If you are a nationwide manufacturer or distributor of consumer products (including products that may be sold in the State of California) you need to be aware of the stringent product labeling requirements imposed by California’s proposition 65 (“Prop 65”). Proposition 65 was enacted by the State of California as a measure to inform and warn consumers about “potential chemicals” (utilized in consumer products) believed by the State of California to cause cancer, birth defects and/or reproductive problems. For product manufacturers, distributors and retailers the problem with Prop 65 is that California’s list of hazardous Prop 65 chemicals is constantly growing and, at present, includes key components to commonly used plastics found in commonly used consumer products, including, plastics, PVC and vinyls used for sneakers, baby products, covers and an extremely broad range of products. In addition to plastics Prop 65’s chemical list includes lead and has transcended to an assortment of chemicals found in jewelry, coffee and vinegar.
Some of the critical information that you must know about Proposition 65, includes:
Irrespective of your business location, the place of manufacturer or the initial state of distribution, if your product enters the stream of commerce and is sold to consumers in the State of California your business will be subject to California’s Prop 65 requirements;
Under Prop 65 California maintains an ever expanding list of chemicals claimed by the State of California to cause cancer, birth defects and/or reproductive harm. If your products include these chemicals then you will be subject to the mandates of Prop 65. The state of California maintains a list of designated Prop 65 chemicals. Irrespective of your products, state or country of origin you must evaluate the chemicals used in your product. It is critical to understand that the Prop 65 designated chemicals are extremely expensive and includes, among many chemicals, commonly utilized Phthalates that are found in many plastics and lead found in commonly utilized gauges and jewelry. So definitely evaluate your product.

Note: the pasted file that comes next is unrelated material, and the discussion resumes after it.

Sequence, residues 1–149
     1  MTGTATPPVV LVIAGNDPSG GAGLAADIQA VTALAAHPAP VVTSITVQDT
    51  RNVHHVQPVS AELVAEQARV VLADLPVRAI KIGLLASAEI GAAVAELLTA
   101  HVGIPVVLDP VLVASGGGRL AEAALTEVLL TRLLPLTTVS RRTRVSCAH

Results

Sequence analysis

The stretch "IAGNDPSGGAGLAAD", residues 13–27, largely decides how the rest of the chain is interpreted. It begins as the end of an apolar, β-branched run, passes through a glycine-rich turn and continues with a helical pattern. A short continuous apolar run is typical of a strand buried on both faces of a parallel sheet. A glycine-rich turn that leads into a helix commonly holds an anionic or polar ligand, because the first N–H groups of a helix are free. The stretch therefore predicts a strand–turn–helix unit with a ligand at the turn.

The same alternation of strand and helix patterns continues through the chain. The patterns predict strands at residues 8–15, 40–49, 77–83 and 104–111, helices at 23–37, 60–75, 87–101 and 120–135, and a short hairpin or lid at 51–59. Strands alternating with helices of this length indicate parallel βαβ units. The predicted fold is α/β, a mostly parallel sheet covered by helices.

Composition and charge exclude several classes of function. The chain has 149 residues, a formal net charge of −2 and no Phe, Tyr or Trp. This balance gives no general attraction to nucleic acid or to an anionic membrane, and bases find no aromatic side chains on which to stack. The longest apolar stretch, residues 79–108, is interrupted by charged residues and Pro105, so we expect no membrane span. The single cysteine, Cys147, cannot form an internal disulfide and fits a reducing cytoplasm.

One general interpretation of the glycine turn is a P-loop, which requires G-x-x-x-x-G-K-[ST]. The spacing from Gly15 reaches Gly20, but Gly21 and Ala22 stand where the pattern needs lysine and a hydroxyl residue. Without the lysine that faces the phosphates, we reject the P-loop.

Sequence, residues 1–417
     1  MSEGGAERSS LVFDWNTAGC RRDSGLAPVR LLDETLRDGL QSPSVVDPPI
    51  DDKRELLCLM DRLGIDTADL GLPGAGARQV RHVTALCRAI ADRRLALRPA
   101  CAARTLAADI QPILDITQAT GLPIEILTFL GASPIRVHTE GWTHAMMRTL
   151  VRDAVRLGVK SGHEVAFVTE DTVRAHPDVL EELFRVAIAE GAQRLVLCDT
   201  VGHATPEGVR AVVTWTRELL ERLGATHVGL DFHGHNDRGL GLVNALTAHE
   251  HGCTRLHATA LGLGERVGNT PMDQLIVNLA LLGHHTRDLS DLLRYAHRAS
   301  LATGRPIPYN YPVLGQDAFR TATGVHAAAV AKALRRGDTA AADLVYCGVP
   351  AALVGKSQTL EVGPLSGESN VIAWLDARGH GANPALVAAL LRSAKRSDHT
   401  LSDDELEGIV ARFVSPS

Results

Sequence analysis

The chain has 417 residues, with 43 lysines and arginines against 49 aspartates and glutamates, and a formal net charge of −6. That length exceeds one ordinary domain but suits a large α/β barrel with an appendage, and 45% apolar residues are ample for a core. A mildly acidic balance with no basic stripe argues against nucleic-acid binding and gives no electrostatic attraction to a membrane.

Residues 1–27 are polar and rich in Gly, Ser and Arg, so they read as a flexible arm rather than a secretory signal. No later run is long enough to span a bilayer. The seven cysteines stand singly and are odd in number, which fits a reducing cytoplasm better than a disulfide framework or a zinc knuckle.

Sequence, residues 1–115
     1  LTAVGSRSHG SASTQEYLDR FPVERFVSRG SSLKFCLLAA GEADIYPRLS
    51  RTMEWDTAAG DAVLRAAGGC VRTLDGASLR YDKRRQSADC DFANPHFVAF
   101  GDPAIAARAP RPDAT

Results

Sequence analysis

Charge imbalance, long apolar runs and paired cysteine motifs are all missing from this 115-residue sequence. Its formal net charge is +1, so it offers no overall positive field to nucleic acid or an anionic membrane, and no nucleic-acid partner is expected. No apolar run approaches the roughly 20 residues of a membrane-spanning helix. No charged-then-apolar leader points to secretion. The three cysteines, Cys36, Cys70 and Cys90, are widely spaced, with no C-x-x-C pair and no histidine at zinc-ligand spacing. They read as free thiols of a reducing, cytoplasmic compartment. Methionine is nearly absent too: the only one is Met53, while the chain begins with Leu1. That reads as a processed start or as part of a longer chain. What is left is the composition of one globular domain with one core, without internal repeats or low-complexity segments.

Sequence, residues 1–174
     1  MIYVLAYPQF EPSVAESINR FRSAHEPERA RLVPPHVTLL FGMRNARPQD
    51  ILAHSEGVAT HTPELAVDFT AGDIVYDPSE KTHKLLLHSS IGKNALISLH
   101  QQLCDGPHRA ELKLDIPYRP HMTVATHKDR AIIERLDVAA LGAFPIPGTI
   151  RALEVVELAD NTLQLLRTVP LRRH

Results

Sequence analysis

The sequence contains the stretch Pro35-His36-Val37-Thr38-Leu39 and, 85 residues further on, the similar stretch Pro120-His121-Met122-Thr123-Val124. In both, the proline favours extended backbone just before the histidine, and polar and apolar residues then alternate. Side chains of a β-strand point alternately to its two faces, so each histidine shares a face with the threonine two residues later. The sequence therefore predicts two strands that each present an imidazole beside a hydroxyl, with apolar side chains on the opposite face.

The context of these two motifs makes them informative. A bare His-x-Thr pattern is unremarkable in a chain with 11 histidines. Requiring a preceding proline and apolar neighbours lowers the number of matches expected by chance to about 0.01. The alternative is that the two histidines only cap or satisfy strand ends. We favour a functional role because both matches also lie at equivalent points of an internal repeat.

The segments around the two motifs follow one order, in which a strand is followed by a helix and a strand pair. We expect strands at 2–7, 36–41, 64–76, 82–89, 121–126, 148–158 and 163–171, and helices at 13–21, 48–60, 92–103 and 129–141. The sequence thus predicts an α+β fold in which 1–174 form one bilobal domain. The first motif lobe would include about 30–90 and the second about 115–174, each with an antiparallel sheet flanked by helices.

If your product is sold in California and if your product includes a designated Prop 65 chemical you must include a product warning. Failure to include the appropriate warning may subject your business to a lawsuit and claims by the California Attorney General or, worse, private lawsuits commenced by attorneys representing “consumer advocacy groups”.
My experiences with Prop 65 is that California has created an extreme burden of manufacturers, distributors and retailers of common every-day goods. The regulation is extensive and the cost of litigation – in my opinion – quite unnecessary. However, there is one “saving grace” if you place the appropriate warning on your product, you may insulate your business from unnecessary lawsuits and legal fees. My advice, review your product catalog, review the chemicals in your products and speak with your legal counsel about structuring the appropriate warnings.